Western Kentucky
 6045
 224
 7
 54
 Mason Rudolph
 Oklahoma State
 6045
 235
1. Sam Darnold USC
Height: 6033 Weight: 221
40: 4.85 Hand: 9 3/8 Arm: 31
Wonderlic: 28 - Velocity: Did not throw at combine

In
a year with 4 QBs in the mix as the top QB prospect and a potential for 6 to go in the first round, Darnold is at the top not because he is best in any one area, but because he is the most complete. He has NFL size, arm strength, football IQ, leadership intangibles with a clean off-field record, durable and had a high level of production. Again, there may be a prospect in this draft better in each of those individual categories, but none other than Darnold are in the top grouping in every one, thus making him the safest pick at the position in the draft.

Darnold is very young (20) and has only little more than a season and half of experience. He has had trouble protecting the ball both passing and in the pocket due to lapses in decision making and the fact he has a long and looping pitcher's arm motion that exposes the ball. The long motion is where he gets much of his velocity so it would not be something to try to change entirely but he did show it could be tightened up at his pro-day, where he showed a much improved, tighter release. It remains to be seen if he reverts back in live situations so this just may be something he will have to work around.

Despite the mechanical problem, Darnold is able to throw to all levels with velocity, timing and accuracy. He has prototypical size and football IQ. He has exceptional pocket presence and can shift, step up or tuck the ball away for plus yardage when pressured in a manner reminiscent of Andrew Luck. He is a tough leader who teammates respond to and play hard for. Bottom line, Darnold is a solid future franchise QB that may not be able to lift a team up on his shoulders right away, but with a strong supporting cast can be the face of an organization for a decade plus.

Projection: Round 1 - Pick 1 to Browns

Anthony D. Macari
2. Baker Mayfield Oklahoma
Height: 6005 Weight: 215
40: 4.84 Hand: 9 1/4 Arm: 30 1/4
Wonderlic: 25 - Velocity: 59 (left)/ 60 (right)

Baker Mayfield is 6 feet 215 pounds of competitive fire. Off-putting to opponents but a take no prisoners leader on and off the field. He went from Walk-on to the Heisman with one of the most accomplished resume's in recent college history. He is the darling of the scouts that rely on analytics.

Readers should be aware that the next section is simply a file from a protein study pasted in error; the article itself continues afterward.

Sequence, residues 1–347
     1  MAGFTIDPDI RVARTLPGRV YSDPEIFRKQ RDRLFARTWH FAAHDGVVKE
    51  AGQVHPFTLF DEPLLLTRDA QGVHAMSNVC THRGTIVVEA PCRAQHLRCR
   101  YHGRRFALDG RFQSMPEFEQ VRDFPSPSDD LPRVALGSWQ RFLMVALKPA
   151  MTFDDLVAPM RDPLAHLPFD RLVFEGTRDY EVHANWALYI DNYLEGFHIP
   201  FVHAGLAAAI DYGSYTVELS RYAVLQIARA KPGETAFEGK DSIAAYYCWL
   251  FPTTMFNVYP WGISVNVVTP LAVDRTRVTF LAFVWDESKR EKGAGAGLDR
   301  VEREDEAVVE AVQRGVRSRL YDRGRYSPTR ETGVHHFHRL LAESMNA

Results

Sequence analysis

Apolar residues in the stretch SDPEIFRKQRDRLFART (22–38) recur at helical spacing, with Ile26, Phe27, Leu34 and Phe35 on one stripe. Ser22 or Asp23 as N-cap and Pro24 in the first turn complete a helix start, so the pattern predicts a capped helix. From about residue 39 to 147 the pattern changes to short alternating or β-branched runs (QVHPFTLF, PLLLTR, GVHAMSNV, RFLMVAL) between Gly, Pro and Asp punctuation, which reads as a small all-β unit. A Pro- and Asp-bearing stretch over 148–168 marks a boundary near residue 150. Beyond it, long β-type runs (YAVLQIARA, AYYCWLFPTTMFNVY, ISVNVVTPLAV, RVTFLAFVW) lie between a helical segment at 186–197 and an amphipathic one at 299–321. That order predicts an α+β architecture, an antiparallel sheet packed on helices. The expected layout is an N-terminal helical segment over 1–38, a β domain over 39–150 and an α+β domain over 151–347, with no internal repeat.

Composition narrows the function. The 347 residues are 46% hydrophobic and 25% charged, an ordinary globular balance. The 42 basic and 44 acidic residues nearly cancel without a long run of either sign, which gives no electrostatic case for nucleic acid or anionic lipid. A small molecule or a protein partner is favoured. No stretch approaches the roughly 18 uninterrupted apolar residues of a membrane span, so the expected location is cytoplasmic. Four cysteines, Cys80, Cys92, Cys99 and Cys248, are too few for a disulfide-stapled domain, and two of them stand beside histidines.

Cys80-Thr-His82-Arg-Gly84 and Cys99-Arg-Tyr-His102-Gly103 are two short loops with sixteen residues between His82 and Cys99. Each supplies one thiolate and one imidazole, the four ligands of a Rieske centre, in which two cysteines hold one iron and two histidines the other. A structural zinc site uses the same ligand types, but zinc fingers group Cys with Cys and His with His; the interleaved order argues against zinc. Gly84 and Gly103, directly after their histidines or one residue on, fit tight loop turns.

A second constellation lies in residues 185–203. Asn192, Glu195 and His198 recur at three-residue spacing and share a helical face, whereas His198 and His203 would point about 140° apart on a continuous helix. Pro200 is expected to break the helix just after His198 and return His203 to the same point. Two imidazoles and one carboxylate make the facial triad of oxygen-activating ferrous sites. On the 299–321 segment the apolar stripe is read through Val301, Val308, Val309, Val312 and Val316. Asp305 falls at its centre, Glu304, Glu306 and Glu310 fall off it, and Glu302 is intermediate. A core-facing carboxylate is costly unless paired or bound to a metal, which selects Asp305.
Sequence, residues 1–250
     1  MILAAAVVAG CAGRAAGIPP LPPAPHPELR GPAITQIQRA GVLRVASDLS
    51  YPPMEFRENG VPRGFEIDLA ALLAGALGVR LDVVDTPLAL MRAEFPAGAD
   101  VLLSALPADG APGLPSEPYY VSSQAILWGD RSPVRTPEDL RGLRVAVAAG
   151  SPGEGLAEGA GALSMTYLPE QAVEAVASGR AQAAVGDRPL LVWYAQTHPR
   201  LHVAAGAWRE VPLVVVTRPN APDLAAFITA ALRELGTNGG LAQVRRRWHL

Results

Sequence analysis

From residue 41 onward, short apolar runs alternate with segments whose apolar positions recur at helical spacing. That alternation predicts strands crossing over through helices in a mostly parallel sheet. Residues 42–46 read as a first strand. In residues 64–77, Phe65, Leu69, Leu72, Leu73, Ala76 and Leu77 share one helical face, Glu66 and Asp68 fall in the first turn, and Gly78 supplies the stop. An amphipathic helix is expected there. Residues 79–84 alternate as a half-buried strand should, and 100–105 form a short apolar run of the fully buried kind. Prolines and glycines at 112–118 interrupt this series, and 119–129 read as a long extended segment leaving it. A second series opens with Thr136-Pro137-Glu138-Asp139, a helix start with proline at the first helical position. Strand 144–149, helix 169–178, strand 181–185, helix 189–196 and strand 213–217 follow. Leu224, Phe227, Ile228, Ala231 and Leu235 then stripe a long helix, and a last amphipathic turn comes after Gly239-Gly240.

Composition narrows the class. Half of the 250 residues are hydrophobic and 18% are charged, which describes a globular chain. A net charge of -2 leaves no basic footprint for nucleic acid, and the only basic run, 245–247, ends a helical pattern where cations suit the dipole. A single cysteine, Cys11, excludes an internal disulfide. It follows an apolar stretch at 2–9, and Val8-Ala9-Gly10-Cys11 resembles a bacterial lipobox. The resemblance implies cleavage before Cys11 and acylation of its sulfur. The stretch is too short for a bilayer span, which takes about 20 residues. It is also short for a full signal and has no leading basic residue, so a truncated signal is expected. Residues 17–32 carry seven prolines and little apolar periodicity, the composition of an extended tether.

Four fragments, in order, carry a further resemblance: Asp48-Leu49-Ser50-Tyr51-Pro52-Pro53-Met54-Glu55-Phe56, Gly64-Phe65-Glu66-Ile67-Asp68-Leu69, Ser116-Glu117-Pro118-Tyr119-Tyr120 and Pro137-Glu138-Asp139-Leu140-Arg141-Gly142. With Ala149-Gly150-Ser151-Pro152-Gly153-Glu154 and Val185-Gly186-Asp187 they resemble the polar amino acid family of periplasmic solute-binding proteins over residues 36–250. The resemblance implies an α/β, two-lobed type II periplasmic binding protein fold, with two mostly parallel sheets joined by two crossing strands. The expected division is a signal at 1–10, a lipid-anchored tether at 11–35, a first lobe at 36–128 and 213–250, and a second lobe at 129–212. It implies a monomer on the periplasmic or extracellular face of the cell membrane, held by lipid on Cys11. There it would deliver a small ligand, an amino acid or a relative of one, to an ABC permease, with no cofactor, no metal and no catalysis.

Mayfield had a run in with the law for being young, drunk and stupid, but the off-field Manziel type issues begin and end with that one isolated incidence. On the field, he also had some controversial moments, notably planting the Oklahoma flag at mid-field at Ohio State after a hard fought upset victory and a lewd gesture after he was disrespected at the coin toss and being targeted with multiple head hunting cheap shots vs Kansas. On the field the biggest question mark comes not from a lack of production, but from his limited height. He may have challenges to find visible lanes to throw in a traditional NFL offense, unlike the spread offense that opened up lanes at Oklahoma. He will be best on a team with a solid pass protecting interior line that can keep him clean in his face. While he throws with good rpm's and velocity he does not have the natural arm strength as some of the others in this class and he puts maximum effort in every throw to generate his velocity. This works sufficiently in the short and intermediary levels and deep in a clean pocket, but in a crowded pocket may struggle some.

While Mayfield may lack the prototypical height of an NFL QB, he has the kind of elite competitive fire that all the greats share. He has a live arm and has experience working through progressions and expertly dissecting a defense. He makes on target and in rhythm throws both in the pocket and on the run to the short and intermediary levels, both inside and outside. Mayfield's redzone production, where the speed and tight windows best translate to Sunday, Mayfield's production was head and shoulders above the other QB prospects in this class with an 80% adjusted completion percentage and 114.7 passer rating according to @PFF_College. While he is, from an analytics perspective, a near perfect prospect, there is plenty there on tape for the traditional scout to like as well. He makes plays both within the offense but even more impressively he often burned defenses when forced to improvise, throw off platform, when he was flushed from the pocket or when a play initially broke down. He has remarkable awareness and the vision of a point guard with the ability to make split second decisions and translate that into an accurate throw or productive scramble.